Hardware specific builds occur when a new Mac model is released. These usually get a hardware specific build of macOS, since the drivers necessary for the new hardware are not included in the current general release version. Even though the product version numbers of macOS are the same for the general release and the hardware specific release, they have different build numbers.

Usually, the hardware specific drivers are merged into the general release on the next update. However, until the builds are merged, MacAdmins may have to manage hardware specific system installers and workflows for new hardware. This was especially annoying with the release of the 2018 MacBook Pro which had a specific build of 10.13.6 that was never merged into the general 10.13 build. MacAdmins that wanted or needed to support 10.13 had to manage a separate installer for these MacBooks.

Intruigingly, the Big Sur beta is different: its build number started in the 4000s and switched to the 5000s with beta 3.

Special builds

Some releases of macOS have a trailing lower case letter after the build number. This is particularly common during the beta phase. It is unclear what this letter designates exactly. It might designate that the installer application was re-built one or more times.

You can use regular expressions to parse out all the individual pieces of the build version:

if [[ $buildVersion =~ ([[:digit:]]{1,2})([[:upper:]])([[:digit:]]+)(.*) ]]; then
    darwinVersion=$match[1]
    updateLetter=$match[2]
    buildNumber=$match[3]
    specialBuild=$match[4]
else
    echo "couldn't parse build version"
    exit 2
fi

But in most cases, you will not need this level of detail.

Using the Build Version

The build version provides a way to compare macOS system versions that is not subject to the whims of marketing. We can even use it distinguish hardware specific builds of macOS from general versions or determine if security or supplemental updates have been applied.

For most comparisons, we only need the Darwin version and maybe the update.

The Darwin version has had two digits since Mac OS X 10.6 Snow Leopard. It is safe to assume that you won’t be managing Macs running 10.5 Leopard any more. (And if you do, they will probably be “hand-fed” and not subject to your deployment and update automations.) Assuming a two digit Darwin version, we can use string comparison to compare build versions:

# check if Mojave or higher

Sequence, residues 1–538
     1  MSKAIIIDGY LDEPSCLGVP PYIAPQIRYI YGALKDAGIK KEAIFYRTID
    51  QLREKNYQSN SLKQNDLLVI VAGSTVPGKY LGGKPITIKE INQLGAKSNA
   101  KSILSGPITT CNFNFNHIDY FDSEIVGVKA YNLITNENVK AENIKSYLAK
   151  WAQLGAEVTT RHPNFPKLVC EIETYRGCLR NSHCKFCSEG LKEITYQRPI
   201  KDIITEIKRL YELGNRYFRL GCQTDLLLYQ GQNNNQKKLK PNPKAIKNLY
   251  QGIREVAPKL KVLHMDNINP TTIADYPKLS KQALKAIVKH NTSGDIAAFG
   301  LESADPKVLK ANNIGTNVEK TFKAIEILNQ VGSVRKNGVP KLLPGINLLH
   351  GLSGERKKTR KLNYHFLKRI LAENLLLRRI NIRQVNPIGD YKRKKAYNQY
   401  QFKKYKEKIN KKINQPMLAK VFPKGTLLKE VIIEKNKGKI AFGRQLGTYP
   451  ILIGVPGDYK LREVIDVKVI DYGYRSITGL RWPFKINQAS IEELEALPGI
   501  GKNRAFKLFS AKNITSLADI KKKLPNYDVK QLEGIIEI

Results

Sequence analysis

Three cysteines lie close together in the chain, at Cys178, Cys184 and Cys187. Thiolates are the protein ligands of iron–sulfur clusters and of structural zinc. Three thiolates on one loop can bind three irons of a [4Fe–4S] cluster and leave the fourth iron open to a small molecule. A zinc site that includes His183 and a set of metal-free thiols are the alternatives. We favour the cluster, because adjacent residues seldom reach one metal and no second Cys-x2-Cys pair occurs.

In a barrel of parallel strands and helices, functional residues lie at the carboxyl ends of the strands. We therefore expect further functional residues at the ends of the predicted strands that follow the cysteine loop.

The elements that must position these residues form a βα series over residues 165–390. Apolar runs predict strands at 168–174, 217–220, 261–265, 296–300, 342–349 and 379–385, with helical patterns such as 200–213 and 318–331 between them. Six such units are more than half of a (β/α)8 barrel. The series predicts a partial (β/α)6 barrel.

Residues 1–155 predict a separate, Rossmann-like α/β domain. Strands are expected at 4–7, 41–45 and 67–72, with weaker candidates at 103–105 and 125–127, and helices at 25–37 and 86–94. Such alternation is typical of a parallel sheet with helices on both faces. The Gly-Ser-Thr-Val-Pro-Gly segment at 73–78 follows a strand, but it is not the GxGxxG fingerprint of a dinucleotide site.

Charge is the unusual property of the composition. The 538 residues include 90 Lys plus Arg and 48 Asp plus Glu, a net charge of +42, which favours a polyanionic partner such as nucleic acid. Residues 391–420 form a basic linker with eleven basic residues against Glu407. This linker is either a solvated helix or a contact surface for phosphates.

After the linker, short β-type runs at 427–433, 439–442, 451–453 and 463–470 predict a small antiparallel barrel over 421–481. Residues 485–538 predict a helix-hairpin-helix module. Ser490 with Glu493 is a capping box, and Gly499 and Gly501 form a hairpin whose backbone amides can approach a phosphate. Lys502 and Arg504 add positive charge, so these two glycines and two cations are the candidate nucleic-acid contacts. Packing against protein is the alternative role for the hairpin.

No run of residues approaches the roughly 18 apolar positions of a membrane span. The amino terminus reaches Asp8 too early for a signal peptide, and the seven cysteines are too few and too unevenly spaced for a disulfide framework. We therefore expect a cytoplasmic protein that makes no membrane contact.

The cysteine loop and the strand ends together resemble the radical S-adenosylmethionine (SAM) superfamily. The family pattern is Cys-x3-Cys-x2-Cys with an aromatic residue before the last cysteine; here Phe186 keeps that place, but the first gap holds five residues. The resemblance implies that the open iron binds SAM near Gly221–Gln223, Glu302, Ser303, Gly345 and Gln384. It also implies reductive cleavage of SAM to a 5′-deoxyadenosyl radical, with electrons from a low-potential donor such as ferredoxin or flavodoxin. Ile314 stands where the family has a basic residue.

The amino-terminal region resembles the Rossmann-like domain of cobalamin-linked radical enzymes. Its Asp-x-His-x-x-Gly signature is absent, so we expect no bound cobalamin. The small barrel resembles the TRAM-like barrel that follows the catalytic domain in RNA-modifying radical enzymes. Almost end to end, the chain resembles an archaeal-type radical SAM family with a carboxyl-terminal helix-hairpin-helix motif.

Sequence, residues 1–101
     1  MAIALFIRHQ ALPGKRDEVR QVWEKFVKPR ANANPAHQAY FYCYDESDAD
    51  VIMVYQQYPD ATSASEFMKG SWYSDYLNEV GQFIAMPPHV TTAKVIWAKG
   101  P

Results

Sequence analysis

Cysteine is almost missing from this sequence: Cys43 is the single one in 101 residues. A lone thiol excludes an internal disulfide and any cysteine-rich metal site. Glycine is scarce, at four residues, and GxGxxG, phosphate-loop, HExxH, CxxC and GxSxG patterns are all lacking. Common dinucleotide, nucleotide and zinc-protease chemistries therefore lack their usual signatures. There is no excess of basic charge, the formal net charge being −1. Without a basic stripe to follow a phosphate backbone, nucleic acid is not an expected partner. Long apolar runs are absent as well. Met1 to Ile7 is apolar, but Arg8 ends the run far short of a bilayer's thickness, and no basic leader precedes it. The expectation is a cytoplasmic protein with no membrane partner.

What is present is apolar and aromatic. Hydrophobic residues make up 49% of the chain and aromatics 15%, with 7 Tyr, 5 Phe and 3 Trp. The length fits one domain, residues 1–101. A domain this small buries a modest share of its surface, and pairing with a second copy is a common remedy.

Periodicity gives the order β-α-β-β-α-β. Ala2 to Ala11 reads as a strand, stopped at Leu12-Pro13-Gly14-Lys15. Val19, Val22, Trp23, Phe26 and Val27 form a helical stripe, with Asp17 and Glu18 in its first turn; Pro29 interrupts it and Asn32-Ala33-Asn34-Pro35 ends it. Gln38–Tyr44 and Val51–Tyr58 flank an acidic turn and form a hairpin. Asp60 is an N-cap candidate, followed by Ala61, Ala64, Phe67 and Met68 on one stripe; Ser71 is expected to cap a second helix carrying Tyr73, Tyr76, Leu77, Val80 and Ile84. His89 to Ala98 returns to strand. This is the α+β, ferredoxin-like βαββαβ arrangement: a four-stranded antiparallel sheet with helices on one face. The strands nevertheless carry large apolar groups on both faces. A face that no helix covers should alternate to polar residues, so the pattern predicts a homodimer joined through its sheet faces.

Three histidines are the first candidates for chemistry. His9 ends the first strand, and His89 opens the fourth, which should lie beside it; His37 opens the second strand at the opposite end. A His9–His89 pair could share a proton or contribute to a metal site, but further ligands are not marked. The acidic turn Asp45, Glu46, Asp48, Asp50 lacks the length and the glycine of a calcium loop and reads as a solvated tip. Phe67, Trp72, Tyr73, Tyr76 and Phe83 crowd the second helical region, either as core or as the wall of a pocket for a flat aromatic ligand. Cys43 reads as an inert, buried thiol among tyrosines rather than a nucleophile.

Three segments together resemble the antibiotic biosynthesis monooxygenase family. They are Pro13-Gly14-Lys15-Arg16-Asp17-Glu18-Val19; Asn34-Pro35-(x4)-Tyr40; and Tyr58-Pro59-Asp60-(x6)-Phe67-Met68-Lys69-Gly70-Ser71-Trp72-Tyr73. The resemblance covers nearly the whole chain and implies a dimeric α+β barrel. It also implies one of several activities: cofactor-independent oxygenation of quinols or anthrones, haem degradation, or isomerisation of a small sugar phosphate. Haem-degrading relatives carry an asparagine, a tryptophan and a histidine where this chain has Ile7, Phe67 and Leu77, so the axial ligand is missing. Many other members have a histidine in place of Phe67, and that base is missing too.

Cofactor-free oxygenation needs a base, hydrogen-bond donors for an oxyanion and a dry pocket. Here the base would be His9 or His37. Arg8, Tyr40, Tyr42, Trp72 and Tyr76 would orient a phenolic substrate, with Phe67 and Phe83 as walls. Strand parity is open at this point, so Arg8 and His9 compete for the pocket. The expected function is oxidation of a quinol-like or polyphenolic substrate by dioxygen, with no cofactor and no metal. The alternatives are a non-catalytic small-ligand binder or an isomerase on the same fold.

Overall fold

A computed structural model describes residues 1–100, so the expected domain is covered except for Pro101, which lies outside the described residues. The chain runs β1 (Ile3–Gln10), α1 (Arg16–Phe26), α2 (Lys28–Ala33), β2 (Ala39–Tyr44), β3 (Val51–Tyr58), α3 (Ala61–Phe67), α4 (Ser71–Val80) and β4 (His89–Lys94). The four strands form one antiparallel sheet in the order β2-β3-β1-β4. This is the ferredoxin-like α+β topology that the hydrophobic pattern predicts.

if [[ $(sw_vers -buildVersion) > "18" ]]; then
...

Since all versions of Mojave start with 18A... they are all alphabetically greater than 18. The same would go if you want to check for a maximum macOS version:

# check if Mojave or earlier
if [[ $(sw_vers -buildVersion) < "19" ]]; then
...

You can also filter for specific minimum updates:

# check if Mojave 10.14.6 or later
if [[ $(sw_vers -buildVersion) > "18E” ]]; then
...

By using the build version, we are avoiding all the trouble that the “marketing-driven” build version brings with it.

zsh solution

The above works for sh, bash and zsh scripts. However, when you are using zsh, there is another useful solution. zsh provides a function to compare versions called is-at-least.

When you use zsh in the Terminal interactively, it is probably already loaded, but when you want to use it in scripts, you should use autoload to make sure it is loaded. Then you can use is-at-least this way:

autoload is-at-least
# check for Mojave or higher
if is-at-least 10.14 $(sw_vers -productVersion); then
...

Since both 11.0 and 10.16 are higher than 10.14 this will work no matter what number Big Sur might be reporting, but if you want to check that the system is Big Sur, you want to use 10.16 as the minimum, which covers both possible values:

autoload is-at-least
# check for Big Sur or higher
if is-at-least 10.16 $(sw_vers -productVersion); then
...

Conclusion

The change of the version number in macOS 11 Big Sur might affect or even break some of your system version checking in your deployment and management scripts. There are some nice and easy solutions that are more resilient to changes in the “marketing” product version.